“I would yell at the people who always cut me in line at the supermarket, but I don’t know how to in Hebrew,” reads a typical post on the blog.
Another reads: “You are home alone when the air raid siren goes off, and for some reason you are the only person in the entire country who didn’t get the memo that it was only a drill.”
During the past three months, Brett Rudolph and Judah Guttmann have been soliciting and anonymously publishing complaints like these on their Oleh Problems blog, which they describe as a “rant platform” for new immigrants. (“Oleh” is the Hebrew word for a Jewish immigrant to Israel.)
The friends, both immigrants from Canada and students at the Interdisciplinary Center in Herzliya, created the blog for a class project with the goal of entertaining themselves and their friends. But the site has clearly touched a nerve within the larger immigrant community, attracting up to 100 unique visitors per day and topping 5,000 pages views since launching in March.
“As great as making aliyah is, I think people need a platform to complain and have fun with all the craziness,” says Guttmann, 20, who made aliyah in 2011. “This is a great way for people who have issues to work through them and realize they’re not the only ones who have them.”
Young immigrants have been using blogs and other forms of social media for years to document the ups and downs of their new lives in Israel, as well as to commiserate and warn each other about potential pitfalls. (The “Israel Blacklist” Facebook group, for example, has become a popular destination for English-speaking immigrants to publicly censure companies for providing poor service.) The Oleh Problems blog takes a novel approach by using humor to dissect the immigrant experience, according to Dovev Goldstein of the IDC’s Sammy Ofer School of Communications.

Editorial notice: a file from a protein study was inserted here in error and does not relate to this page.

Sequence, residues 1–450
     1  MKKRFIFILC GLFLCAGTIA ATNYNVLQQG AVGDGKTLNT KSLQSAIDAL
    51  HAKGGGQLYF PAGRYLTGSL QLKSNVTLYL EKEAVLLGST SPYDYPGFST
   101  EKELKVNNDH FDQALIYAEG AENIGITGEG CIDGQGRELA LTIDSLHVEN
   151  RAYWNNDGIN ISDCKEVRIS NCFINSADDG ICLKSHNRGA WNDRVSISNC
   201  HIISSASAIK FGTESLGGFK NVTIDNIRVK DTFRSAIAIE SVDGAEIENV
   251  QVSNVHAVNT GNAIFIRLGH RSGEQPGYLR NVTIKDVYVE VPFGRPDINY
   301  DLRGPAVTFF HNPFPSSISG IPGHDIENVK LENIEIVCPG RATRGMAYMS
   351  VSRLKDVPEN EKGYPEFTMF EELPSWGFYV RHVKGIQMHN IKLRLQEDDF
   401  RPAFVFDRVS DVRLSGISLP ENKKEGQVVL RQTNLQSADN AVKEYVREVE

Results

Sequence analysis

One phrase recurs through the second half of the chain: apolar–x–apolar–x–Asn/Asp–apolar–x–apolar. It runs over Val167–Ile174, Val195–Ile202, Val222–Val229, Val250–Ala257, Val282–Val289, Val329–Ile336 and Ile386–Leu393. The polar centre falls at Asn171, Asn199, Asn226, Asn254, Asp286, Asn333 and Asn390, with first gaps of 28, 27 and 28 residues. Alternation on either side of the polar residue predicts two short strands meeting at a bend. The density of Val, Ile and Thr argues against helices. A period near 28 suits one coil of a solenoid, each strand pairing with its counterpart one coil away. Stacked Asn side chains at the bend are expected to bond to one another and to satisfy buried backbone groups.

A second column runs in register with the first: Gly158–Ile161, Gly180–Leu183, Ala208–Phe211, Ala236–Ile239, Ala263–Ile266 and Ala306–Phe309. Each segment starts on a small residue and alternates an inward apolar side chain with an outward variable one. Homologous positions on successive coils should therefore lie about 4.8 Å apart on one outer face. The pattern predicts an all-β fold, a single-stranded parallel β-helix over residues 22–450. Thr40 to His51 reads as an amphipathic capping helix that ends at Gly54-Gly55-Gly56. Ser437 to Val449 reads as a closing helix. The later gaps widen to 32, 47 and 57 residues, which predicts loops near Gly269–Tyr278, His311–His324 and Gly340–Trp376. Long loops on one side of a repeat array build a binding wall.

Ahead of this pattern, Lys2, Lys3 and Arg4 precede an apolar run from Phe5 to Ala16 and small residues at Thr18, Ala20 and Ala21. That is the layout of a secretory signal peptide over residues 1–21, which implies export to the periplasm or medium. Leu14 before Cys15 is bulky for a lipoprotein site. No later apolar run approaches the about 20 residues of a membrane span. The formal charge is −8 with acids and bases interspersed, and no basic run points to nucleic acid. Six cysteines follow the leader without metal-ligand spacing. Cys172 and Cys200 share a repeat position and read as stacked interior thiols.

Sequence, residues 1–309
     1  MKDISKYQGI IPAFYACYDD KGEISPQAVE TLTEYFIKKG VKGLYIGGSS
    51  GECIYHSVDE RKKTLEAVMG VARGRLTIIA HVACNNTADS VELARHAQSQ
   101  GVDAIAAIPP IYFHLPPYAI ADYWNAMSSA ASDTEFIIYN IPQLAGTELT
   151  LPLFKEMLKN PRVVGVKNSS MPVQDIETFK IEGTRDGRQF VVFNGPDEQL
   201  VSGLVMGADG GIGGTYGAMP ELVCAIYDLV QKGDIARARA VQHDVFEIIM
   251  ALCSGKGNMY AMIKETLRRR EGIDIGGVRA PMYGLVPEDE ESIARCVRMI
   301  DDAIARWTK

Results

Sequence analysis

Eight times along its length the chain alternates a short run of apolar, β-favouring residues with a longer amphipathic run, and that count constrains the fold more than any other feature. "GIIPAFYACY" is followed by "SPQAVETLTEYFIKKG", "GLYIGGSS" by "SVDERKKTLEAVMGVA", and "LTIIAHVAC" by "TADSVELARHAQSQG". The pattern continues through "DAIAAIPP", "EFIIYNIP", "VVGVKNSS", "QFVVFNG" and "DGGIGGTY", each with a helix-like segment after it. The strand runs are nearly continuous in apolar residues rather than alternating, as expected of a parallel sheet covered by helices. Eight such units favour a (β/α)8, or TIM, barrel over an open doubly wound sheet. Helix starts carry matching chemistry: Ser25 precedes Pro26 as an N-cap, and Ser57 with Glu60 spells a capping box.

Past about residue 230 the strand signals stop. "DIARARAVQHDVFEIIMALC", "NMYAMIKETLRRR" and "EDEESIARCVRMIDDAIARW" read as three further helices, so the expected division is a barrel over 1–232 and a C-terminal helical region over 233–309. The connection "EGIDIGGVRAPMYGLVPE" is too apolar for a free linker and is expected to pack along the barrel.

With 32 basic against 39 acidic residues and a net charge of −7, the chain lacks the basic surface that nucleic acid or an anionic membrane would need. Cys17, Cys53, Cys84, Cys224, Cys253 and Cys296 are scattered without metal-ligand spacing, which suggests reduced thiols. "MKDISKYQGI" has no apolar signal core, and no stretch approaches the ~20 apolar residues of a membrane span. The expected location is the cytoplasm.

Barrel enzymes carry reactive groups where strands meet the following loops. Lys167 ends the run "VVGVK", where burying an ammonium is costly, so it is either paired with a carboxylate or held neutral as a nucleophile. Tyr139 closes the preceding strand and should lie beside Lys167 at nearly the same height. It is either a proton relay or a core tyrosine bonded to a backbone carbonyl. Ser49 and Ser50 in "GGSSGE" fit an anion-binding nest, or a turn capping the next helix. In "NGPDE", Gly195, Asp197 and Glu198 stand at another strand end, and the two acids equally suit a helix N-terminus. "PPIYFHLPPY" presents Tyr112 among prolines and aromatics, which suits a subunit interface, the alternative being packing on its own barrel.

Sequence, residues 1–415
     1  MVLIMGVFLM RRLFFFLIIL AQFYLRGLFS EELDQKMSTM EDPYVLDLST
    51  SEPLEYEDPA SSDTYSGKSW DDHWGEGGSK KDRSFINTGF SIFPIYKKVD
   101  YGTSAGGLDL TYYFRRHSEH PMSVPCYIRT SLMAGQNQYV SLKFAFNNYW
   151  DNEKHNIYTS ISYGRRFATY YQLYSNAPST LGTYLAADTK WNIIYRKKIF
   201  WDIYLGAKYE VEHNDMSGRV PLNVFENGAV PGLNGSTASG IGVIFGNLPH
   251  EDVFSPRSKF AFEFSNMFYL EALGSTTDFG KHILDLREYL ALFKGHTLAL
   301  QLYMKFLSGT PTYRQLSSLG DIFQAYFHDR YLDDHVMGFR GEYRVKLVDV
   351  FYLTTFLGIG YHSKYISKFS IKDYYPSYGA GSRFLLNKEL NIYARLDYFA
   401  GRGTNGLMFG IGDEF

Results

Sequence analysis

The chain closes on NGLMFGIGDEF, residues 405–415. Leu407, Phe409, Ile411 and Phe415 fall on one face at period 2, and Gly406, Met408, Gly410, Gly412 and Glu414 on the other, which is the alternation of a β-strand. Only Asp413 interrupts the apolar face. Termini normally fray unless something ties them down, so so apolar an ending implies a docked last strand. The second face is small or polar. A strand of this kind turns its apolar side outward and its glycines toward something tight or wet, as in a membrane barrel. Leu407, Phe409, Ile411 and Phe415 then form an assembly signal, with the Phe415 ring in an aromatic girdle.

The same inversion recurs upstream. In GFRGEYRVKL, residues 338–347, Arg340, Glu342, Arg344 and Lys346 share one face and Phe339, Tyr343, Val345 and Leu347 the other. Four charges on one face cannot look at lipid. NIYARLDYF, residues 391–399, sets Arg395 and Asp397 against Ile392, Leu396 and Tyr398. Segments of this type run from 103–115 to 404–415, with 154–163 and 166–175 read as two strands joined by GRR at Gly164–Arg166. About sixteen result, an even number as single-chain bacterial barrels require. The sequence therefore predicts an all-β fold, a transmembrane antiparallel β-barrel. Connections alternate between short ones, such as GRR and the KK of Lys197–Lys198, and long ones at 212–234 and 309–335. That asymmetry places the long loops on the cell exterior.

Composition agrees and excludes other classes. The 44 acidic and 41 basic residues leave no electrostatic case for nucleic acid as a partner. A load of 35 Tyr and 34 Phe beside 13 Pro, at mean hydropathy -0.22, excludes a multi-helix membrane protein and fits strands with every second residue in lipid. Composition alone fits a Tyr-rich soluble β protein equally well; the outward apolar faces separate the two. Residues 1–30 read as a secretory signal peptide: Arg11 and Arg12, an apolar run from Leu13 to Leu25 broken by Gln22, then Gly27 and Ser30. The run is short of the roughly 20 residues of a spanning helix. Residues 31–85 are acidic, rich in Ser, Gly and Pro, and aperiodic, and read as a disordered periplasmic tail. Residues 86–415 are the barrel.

“I think this is a great example of how young people found an authentic issue that touches their target audience,” says Goldstein, who taught the cross media class for which Rudolph and Guttmann created their blog. “And they were able to create real world attention without any marketing or budget.”
Like “first world problems”—the kind that Westerners from privileged backgrounds like to tweet about—the majority of the “oleh problems” that have been posted thus far are tongue-in-cheek criticisms of Israeli society. (“My greatest fear is that if I choose to raise my kids in Israel they will turn out to be arsim,” one person wrote, referring to the slang term for someone obnoxious and uncultured.) Each submission ends with the #olehproblems hashtag, which Guttmann thinks he introduced to Twitter in 2011.
Despite the lighthearted tone of most “oleh problems,” the friends behind the blog and the related Facebook and Twitter pages say they have received pushback from people who feel they are encouraging Israel bashing.
“They see us as doing something degrading to the [immigrant] experience, whereas we’re trying to build a community where we can talk about the issues and maybe solve some of them,” explains Rudolph, 24, a citizen since 2008, noting that he and Guttmann are considering adding a page to the blog for readers to propose solutions to the more concrete problems.
Eric Belkoff saw a link to the Oleh Problems page on Facebook and posted recently about his misadventures at the Interior Ministry. “They refuse to give me [an identity card]…simply because the lady behind the counter didn’t like my proof of Judaism,” he wrote in part. “Resubmitted all the paperwork to Jerusalem. It’s been three weeks, still haven’t heard anything back.”
Was venting on the blog a cathartic experience?
“Yes, and I heard from another person who had a similar situation, saying that the office is hard to deal with,” says Belkoff, a native of Las Vegas. “I didn’t feel as alone."
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